Date: 9/15/20 7:51 pm
From: <reports...>
Subject: [birders] Detroit River Hawk Watch (15 Sep 2020) 844 Raptors
Detroit River Hawk Watch
Brownstown, Michigan, USA
Daily Raptor Counts: Sep 15, 2020

Species Day's Count Month Total Season Total
------------------ ----------- -------------- --------------
Black Vulture 0 0 0
Turkey Vulture 9 129 129
Osprey 0 9 9
Bald Eagle 0 16 16
Northern Harrier 21 62 62
Sharp-shinned Hawk 256 525 525
Cooper's Hawk 0 1 1
Northern Goshawk 0 0 0
Red-shouldered Hawk 0 0 0
Broad-winged Hawk 540 4471 4471
Swainson's Hawk 0 0 0
Red-tailed Hawk 0 62 62
Rough-legged Hawk 0 0 0
Golden Eagle 0 0 0
American Kestrel 17 172 172
Merlin 1 4 4
Peregrine Falcon 0 3 3
Unknown Accipiter 0 0 0
Unknown Buteo 0 1 1
Unknown Falcon 0 0 0
Unknown Eagle 0 0 0
Unknown Raptor 0 0 0

Total: 844 5455 5455

Observation start time: 08:00:00
Observation end time: 15:00:00
Total observation time: 7 hours

Official Counter: Kevin Georg

Observers: Andrew Sturgess, Sam Heilman

While Lake Erie Metropark is currently open to the public, for the safety
of our counter and volunteers we encourage visitors to follow along with
the count virtually on, or our Detroit River Hawk Watch
Facebook page. There will be daily updates and photographs. If you do
decide to join us in person, please help the counter and volunteers to
follow their mandated safety protocols by refraining from approaching them.
Please follow the recommended Covid 19 procedures by wearing a mask and
maintaining a safe social distance. Thanking you in advance for your
cooperation. Stay safe!

Yesterday’s weather was a very clear demonstration of the vagaries of the
wind and atmospheric conditions that affect the counts at hawk watch sites.
Our friends at Holiday Beach saw over eleven thousand broad-wings and we
only had one large kettle that numbered a few hundred. We are located a
mere eight miles apart. Today’s weather did not look too promising as
winds were predicted to grow in strength from the S during the day. The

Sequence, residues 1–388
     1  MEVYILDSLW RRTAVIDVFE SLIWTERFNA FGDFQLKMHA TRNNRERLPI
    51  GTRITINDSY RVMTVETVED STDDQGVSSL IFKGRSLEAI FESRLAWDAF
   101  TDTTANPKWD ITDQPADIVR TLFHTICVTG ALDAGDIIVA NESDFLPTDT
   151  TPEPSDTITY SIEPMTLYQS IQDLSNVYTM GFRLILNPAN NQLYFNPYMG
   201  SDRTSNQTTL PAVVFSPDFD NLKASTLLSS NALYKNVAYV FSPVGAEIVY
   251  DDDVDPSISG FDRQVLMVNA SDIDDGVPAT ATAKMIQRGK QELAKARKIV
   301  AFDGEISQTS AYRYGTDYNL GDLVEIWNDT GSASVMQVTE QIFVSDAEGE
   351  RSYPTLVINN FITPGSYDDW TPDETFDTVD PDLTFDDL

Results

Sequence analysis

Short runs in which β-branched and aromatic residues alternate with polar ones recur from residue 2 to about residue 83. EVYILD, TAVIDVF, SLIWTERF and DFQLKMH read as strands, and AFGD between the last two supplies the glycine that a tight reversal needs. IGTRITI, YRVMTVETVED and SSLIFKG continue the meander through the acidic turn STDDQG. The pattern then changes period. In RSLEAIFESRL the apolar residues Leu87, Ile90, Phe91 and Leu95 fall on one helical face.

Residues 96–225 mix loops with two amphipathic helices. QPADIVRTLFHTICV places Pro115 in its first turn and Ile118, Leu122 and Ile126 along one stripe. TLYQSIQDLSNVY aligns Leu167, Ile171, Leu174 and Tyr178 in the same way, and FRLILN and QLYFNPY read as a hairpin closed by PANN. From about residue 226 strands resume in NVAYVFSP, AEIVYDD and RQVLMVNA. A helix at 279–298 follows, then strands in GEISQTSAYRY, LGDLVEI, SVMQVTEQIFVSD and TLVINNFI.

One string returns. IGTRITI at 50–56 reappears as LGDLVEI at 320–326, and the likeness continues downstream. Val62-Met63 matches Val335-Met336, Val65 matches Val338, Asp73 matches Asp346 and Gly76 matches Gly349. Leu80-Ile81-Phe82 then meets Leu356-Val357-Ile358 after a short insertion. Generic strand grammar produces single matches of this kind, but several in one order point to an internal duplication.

smoke haze from California had cleared for the most part leaving us a clear
light blue sky for the best part of the day but with time there grew a
light white cover high above us by the end of the watch. The wind did
indeed grow and it seemed to impede the flight during the afternoon hours.
The barometer was predicted to fall and it did in the afternoon after the
wind had built to double digit strength. It had started at 30.35 and
dropped a couple of tenths by the end. Temperatures were comfortable fall
temps in the sixties making for a pleasant day.

Raptor Observations:
The southern winds did not bode well for the soaring birds but those that
press on regardless found the lighter winds of the morning to their liking.
Sharpies were popping over the trees like someone had left the lid off the
popcorn popper. We ended up with 256, our best day this year. We got off to
a slow start with this species so it was good to see them in these numbers.
The broad-wings were pushed far to the north and were difficult to see in a
hazy sky. We only saw them early on in the morning hours when the wind was
lighter and tallied 540. Nine turkey vultures were seen today but their
days are coming. Twenty five kestrels were counted winging their way
through. One merlin was spotted coming across the water from Celeron Island
and exhibiting unusual behavior. It seemed to dive at the water, perhaps
attacking its own reflection as feisty at they are, and then it landed on
the floating “seaweed” vegetation. It stayed for several minutes and
seemed to be taking a shallow bath as last seen. Our other record setting
bird (for the young season) was the northern harrier. They seemed to be
determined to get out of Dodge and passed over in couples, or even three
one time, totaling 21 on the day.

Non-raptor Observations:
There is little new to report on the non-raptor side of things. The Caspian
terns continue to dive bomb the minnow population. Swallows seemed to have
moved to other areas and were not a visual road block as they can sometimes
be. Even the gulls seemed to be widely spaced today. We did see some butter
butts in the alder tree close to our seats. Pied-billed grebes continued to
terrorize the fish in the neighborhood along with the insatiable cormorants
plying their trade in our end of the lake.

The wind will shift slightly to the SW tomorrow and increase in strength to
low double digits. The barometer will continue to fall as rain approaches
in the late night hours. Not a promising forecast but the birds that do not
pay attention to forecasts may continue to move. Sharpies, kestrels,
harriers might show up but the long winged birds that ride the winds will
probably not be seen by us in large numbers except possibly in the morning
hours when the wind is lighter. I hope I am wrong of course. Cheers! Andrew
Report submitted by Kevin Georg (<kevin.l.georg...>)
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